802.1Q—802.1Q is industry-standard trunking encapsulation.

Figure 11-2 shows a network of switches that are connected by 802.1Q or ISL trunks.

Figure 11-2 Switches in an 802.1Q or ISL Trunking Environment

You can configure a trunk on a single Ethernet interface or on an EtherChannel bundle. For more information about EtherChannel, see "Configuring EtherChannels."

Ethernet trunk interfaces support different trunking modes (see Table 11-4). You can set an interface as trunking or nontrunking or to negotiate trunking with the neighboring interface. To autonegotiate trunking, the interfaces must be in the same VTP domain.

Trunk negotiation is managed by the Dynamic Trunking Protocol (DTP), which is a Point-to-Point Protocol. However, some internetworking devices might forward DTP frames improperly, which could cause misconfigurations.

To avoid this, you should configure interfaces connected to devices that do not support DTP to not forward DTP frames, that is, to turn off DTP.

If you do not intend to trunk across those links, use the switchport mode access interface configuration command to disable trunking.

To enable trunking to a device that does not support DTP, use the switchport mode trunk and switchport nonegotiate interface configuration commands to cause the interface to become a trunk but to not generate DTP frames.

With GigaStack GBICs, dynamic trunking is only supported when two switches are connected by a single GigaStack GBIC link. If trunking is required when more than two switches in a stack are connected by GigaStack GBIC links, you must manually configure trunking in this manner:

Manually shut down the GigaStack port by using the shutdown interface configuration command.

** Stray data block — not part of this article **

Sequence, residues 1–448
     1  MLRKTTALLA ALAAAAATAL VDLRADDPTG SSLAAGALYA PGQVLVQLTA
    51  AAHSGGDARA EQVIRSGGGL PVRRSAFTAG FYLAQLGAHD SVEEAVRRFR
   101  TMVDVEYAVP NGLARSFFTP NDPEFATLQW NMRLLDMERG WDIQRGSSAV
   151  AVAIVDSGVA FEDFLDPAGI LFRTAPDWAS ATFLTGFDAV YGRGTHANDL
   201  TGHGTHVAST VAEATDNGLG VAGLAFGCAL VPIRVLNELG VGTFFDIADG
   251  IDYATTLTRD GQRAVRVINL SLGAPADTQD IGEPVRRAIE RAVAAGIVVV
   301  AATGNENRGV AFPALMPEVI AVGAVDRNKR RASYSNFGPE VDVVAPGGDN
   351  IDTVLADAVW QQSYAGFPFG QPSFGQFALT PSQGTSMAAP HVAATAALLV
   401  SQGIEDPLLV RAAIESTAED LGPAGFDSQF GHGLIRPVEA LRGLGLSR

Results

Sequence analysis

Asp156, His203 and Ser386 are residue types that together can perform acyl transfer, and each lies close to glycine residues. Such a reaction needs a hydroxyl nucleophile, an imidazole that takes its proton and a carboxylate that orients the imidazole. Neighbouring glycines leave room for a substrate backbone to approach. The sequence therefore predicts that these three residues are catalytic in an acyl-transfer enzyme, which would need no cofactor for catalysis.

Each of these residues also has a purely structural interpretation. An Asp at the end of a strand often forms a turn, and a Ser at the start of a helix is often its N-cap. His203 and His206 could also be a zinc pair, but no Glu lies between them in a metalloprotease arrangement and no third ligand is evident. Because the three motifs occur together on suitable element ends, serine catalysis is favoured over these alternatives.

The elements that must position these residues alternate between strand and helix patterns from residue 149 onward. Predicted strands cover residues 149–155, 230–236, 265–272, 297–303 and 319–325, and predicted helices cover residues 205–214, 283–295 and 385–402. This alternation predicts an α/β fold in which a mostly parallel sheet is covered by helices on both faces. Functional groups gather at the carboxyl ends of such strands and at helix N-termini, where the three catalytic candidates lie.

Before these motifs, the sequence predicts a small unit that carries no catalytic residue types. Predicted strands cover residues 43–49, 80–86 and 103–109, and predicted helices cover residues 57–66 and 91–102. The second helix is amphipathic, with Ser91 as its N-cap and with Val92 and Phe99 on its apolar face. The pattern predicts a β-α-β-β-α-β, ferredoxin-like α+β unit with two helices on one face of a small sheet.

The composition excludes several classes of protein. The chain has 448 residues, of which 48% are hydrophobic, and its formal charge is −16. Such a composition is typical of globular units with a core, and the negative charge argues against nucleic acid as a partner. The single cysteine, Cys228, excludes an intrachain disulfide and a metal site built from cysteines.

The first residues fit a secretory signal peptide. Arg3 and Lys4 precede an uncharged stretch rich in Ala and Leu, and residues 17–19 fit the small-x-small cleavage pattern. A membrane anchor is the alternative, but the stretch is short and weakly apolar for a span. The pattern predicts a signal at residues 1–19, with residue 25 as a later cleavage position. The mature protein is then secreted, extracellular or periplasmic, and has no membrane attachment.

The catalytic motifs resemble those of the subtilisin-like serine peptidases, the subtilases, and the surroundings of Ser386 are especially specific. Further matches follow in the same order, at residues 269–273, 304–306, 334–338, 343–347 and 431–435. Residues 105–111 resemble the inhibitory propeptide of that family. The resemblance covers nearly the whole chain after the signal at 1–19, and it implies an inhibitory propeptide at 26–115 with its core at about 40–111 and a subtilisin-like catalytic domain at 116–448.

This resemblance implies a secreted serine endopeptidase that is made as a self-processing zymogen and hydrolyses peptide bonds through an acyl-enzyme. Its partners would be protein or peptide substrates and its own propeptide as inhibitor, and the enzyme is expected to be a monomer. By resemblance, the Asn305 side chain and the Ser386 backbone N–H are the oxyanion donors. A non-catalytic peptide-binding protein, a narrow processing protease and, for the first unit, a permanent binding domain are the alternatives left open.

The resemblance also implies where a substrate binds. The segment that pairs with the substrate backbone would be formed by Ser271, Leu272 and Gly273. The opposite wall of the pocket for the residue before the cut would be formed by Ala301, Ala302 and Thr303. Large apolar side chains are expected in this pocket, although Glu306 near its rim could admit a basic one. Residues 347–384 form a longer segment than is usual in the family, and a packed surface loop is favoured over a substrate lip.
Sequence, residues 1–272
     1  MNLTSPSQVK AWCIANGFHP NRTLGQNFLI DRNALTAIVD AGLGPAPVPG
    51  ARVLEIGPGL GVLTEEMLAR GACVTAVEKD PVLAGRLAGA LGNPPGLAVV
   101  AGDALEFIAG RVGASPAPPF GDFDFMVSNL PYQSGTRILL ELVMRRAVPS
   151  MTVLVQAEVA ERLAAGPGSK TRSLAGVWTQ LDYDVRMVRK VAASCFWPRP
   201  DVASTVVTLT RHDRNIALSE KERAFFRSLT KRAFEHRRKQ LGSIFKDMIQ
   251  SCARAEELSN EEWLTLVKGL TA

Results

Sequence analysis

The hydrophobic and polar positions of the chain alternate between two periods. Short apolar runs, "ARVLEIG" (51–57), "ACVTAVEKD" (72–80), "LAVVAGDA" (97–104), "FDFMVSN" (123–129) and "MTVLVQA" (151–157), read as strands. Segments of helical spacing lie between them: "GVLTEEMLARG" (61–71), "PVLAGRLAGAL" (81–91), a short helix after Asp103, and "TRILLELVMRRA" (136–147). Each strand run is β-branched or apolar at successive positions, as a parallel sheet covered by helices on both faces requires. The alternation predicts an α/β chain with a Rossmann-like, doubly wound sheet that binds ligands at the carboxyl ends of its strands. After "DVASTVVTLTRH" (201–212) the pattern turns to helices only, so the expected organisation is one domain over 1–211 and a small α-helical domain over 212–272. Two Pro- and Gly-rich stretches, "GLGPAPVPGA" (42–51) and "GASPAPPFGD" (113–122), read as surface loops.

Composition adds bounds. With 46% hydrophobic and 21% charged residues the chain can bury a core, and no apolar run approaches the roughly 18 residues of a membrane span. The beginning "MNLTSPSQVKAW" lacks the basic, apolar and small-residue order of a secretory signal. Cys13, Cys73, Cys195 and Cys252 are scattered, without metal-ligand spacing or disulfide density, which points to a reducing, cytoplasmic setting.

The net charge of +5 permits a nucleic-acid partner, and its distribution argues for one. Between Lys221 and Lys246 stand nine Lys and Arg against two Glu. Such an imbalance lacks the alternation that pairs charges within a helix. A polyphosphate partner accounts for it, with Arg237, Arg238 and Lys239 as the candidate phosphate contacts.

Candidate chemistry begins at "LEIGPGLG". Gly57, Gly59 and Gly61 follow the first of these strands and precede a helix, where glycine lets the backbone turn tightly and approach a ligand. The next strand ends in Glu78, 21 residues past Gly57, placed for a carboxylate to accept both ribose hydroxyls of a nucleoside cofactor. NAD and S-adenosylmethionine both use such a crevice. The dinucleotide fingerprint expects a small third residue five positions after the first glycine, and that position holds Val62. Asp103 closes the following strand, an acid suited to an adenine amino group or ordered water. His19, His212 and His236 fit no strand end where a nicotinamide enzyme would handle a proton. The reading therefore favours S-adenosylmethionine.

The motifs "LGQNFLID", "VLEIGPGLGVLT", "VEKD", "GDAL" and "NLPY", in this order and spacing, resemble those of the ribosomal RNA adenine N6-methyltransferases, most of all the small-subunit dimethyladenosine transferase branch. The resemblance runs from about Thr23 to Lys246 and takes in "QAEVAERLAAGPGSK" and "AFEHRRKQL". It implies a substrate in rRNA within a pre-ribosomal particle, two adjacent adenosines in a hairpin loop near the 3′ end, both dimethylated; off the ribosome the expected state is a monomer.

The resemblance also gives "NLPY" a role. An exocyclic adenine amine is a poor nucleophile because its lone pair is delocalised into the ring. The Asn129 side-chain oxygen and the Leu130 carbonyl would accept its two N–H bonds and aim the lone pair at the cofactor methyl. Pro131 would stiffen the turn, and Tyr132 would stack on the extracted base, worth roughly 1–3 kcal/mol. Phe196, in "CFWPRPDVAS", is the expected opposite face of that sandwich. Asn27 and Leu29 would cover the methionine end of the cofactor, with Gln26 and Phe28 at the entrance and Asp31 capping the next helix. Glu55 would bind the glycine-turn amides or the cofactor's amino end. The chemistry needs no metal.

Manually configure trunk mode on the GigaStack port by using the switchport mode trunk interface configuration command on both GBIC interfaces to cause the interfaces to become trunks.

Use the no shutdown interface configuration command to bring up the GigaStack port.

You can also specify whether the trunk uses ISL or 802.1Q encapsulation or if the encapsulation type is autonegotiated. The DTP supports autonegotiation of both ISL and 802.1Q trunks.


Note Tunnel ports do not support DTP. See "Configuring 802.1Q and Layer 2 Protocol Tunneling," for more information on tunnel ports.


Table 11-4 Layer 2 Interface Modes 

Mode
Function

switchport mode access

Puts the interface (access port) into permanent nontrunking mode. The interface becomes a nontrunk interface even if the neighboring interface is a trunk interface.

switchport mode dynamic desirable

Makes the interface actively attempt to convert the link to a trunk link. The interface becomes a trunk interface if the neighboring interface is set to trunk, desirable, or auto mode. The default switch-port mode for all Ethernet interfaces is dynamic desirable.

switchport mode dynamic auto

Makes the interface able to convert the link to a trunk link. The interface becomes a trunk interface if the neighboring interface is set to trunk or desirable mode.

switchport mode trunk

Puts the interface into permanent trunking mode and negotiates to convert the link into a trunk link. The interface becomes a trunk interface even if the neighboring interface is not a trunk interface.

switchport nonegotiate